Indianapolis is launching a new strategy devoted to cleaning up abandoned industrial sites and sparking development in some of the capital city's most blighted neighborhoods — an effort that initially will draw on $1.6 million in new funding from the U.S. Environmental Protection Agency.
Mayor Greg Ballard joined Susan Hedman, chief of the EPA's regional office in Chicago, and local officials Thursday in announcing the brownfield grants and the city's new initiative outside a weathered, long-shuttered building that once housed a heating and air conditioning operation.
Ballard said the new EPA funding would help clean up that site and others and help draw new development to the run-down neighborhood around the idled, debris-littered buildings.
"These sort of brownfields, these long-deserted sites that are often contaminated, get left behind, often wreaking havoc on neighborhoods so that blight and crime and environmental challenges replace what once was a thriving site," he said.
Hedman said Indianapolis had beat out strong competition to land a $1 million in EPA funds to create revolving loan funds to clean up hazardous substances and also petroleum productions. The city also won a $200,000 grant for planning the redevelopment and reuse of the neighborhood around the former Carrier-Bryant site that's been vacant since 2004.
Buildings at that 20-acre site have been found to contain asbestos and the site also encompasses drums and tanks containing hazardous substances, including the industrial solvent trichloroethylene.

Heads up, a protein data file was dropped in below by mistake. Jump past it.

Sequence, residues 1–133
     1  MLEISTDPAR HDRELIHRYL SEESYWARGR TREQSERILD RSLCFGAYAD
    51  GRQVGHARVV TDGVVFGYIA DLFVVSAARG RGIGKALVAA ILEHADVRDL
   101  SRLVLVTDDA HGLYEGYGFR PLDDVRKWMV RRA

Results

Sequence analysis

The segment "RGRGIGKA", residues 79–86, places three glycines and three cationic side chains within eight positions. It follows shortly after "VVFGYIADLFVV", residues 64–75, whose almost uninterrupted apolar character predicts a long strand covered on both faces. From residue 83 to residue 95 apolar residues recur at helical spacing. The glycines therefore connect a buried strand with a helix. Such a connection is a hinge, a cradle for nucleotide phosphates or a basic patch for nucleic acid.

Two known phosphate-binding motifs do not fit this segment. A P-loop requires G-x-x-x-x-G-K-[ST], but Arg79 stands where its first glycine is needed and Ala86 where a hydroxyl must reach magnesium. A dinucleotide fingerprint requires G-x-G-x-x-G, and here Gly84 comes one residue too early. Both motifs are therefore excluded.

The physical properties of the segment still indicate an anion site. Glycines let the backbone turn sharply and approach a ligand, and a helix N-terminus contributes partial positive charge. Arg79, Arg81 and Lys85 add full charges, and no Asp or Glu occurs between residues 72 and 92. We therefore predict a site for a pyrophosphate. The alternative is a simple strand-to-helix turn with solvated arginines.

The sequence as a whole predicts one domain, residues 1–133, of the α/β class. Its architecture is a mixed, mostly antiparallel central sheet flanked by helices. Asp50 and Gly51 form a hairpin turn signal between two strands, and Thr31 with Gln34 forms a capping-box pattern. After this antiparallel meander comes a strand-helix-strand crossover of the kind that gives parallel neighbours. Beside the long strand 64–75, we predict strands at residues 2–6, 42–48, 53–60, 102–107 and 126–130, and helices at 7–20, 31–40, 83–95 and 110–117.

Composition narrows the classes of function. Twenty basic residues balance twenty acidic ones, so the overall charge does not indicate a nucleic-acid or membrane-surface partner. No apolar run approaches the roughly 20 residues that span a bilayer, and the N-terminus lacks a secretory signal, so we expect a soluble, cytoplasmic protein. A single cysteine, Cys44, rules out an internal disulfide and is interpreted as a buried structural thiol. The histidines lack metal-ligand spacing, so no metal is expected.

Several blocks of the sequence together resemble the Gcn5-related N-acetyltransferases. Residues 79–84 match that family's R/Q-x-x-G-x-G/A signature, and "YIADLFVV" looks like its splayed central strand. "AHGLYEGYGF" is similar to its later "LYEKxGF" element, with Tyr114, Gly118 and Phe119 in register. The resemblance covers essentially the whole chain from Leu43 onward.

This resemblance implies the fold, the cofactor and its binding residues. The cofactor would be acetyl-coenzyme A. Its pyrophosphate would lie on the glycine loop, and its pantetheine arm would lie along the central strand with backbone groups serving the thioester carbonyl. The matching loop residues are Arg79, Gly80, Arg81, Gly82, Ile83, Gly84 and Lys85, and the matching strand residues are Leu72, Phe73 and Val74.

Another $400,000 in grants will pay for conducting about 15 environmental site assessments and other remediation measures around Indianapolis.
Hedman said the city will tap its experience helping bring new shops, housing and entertainment venues to a neighborhood around a shuttered plant on Indianapolis' east side "as the model for new projects" in the United Northwest Area — the neighborhood surrounding the old Carrier-Bryant site.
Ballard said the EPA's brownfield program, which has helped clean up contaminated industrial sites and redevelop surrounding areas, will boost the city's redevelopment efforts.
"Sometime it just takes a little nugget, a little spark and the EPA has really provided that for us today," he said.
City officials also announced the creation of a new Brownfield Redevelopment office that will implement the new grants and focus on development opportunities in blighted areas near shuttered industrial sites.
The director of the city's Department of Metropolitan Development, Adam Thiese, said the new EPA grants provided "an excellent kickoff time" for that initiative, which had been in the works for a long time.
"Indianapolis has sites like this throughout many of our neighborhoods and we have to keep tackling them and keep working on them," he said.